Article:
It is widely known that mobile phones can serve as life-saving gadgets during emergencies, enabling the victim communicate with friends //, relatives or hospitals. The truth however is that it is not being widely used by high-risk individuals such as elderly people who suffer from chronic diseases and other age-related disorders.
A new device has now been launched, that provides users with the benefit of instant wireless communication and location detection, surpassing the complications of normal cell phones. The small and simple device that has been launched for commercial use as a part of the MobilAlarm project (funded by the European Commission) would allow users to call to a service center, in case of an emergency.
Details about the location of the victim with accuracy of 50 metres or less can be obtained satellite positioning via GPS. The device, which weighs less than 100 gm is easy to handle, and user friendly. The device looks just like a mobile phone with four large and clearly discernible buttons.
'The design is very simple, it doesn’t have all the functions of a mobile phone, but that is what trial users most liked about it,' said Stefan Lilischkis, the MobilAlarm project manager.
Promising results have been obtained from the trials that have been conducted amongst elderly users in the United Kingdom, Spain and Germany. The users were given the device for a minimum period of three months. The device attracts adherents by its simple design and superior hearing quality.
Although mobile phone use among people over 65 years of age continue to increase in Europe, it still remains much lower. This could perhaps be due to the complexity of handling modern phones that are being marketed by communication companies. The small text displayed in interfaces is difficult to read. In addition, the presence of small buttons makes it hard to use, having a profound impact on the ease and speed with which an elderl
y person can contact someone when they are in need.
The presence of chronic diseases such as Parkinson’s disease that impairs motor skills or age-related frailty further complicates the issue. All these problems are overcome in the unique device designed to incorporate all essential in the event of an emergency.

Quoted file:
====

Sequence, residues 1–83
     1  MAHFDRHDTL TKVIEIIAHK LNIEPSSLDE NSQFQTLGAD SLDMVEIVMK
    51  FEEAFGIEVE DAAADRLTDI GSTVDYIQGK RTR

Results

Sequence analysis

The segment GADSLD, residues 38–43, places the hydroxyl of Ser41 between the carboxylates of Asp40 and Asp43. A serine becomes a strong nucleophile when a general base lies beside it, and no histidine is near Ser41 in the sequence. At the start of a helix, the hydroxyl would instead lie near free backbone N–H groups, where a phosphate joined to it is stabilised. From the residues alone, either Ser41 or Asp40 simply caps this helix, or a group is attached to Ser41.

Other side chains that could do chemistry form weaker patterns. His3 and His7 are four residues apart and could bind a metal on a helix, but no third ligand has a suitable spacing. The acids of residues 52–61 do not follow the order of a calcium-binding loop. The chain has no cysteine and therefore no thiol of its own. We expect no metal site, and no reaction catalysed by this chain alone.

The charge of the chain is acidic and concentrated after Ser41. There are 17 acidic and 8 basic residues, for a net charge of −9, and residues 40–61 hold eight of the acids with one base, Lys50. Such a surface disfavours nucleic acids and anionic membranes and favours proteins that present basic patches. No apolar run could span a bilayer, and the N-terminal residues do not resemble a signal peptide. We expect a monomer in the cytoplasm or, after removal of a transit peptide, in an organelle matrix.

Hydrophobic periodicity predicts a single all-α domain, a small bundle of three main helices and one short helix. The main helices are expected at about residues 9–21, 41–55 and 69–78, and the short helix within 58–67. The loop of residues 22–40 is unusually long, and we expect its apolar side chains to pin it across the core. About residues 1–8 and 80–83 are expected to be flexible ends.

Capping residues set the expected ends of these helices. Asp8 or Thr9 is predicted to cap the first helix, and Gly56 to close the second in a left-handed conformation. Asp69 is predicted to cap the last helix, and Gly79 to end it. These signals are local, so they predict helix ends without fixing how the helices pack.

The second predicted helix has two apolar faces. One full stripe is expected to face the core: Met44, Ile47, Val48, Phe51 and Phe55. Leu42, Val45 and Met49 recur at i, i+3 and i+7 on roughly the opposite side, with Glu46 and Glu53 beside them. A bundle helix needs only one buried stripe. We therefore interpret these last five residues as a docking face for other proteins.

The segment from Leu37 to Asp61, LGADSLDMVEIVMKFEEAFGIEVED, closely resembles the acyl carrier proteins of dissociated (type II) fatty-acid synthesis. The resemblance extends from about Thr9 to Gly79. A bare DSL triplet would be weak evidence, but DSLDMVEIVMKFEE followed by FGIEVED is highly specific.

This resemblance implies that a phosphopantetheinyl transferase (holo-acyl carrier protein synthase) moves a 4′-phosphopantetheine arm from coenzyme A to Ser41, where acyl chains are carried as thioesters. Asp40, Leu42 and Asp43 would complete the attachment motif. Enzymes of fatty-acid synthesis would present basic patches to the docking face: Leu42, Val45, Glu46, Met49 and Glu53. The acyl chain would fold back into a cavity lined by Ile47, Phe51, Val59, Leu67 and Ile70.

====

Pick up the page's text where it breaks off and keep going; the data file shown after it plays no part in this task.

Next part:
The two large buttons on the side initiate a call to the service centre when pressed simultaneously. The device allows a user to make an emergency call by simply gripping the device, rather than having to find and press a button, which means that a person with impaired motor skills can also operate the device.
Another separate button helps initiate a call to a pre-programmed telephone number (of a friend, neighbour or relative). The enhanced audio features enable the user to hear the responder without being held up to the ear. Canceling a call that has been made is enabled through yet another button.
'When an emergency call is placed to a service centre the operator who takes the call automatically receives the user’s file on their computer, and, if necessary, can use the GPS tracking to obtain information about the location of the person on an electronic map. This is particularly important if emergency services are to find them quickly, especially if the person does not know where they are or are having difficulty speaking,' said the project manager.
'Whereas existing mobile devices with location detection capabilities typically transmit GPS data via an SMS message, the MobilAlarm system uses the Care Phone Protocol developed by project partner Attendo Systems that transmits the data through the voice channel. This ensures that the information arrives instantly, compared to an SMS message which can take minutes or even hours to arrive depending on network traffic,' he concluded.
Although the prime target of the marketing would be elderly people and those who suffer from chronic disease
s, MobilAlarm can also be used by disabled but otherwise healthy people and victims of domestic violence or people involved in work that involves transfer of hazardous stuff to remote locations. Related medicine news :1
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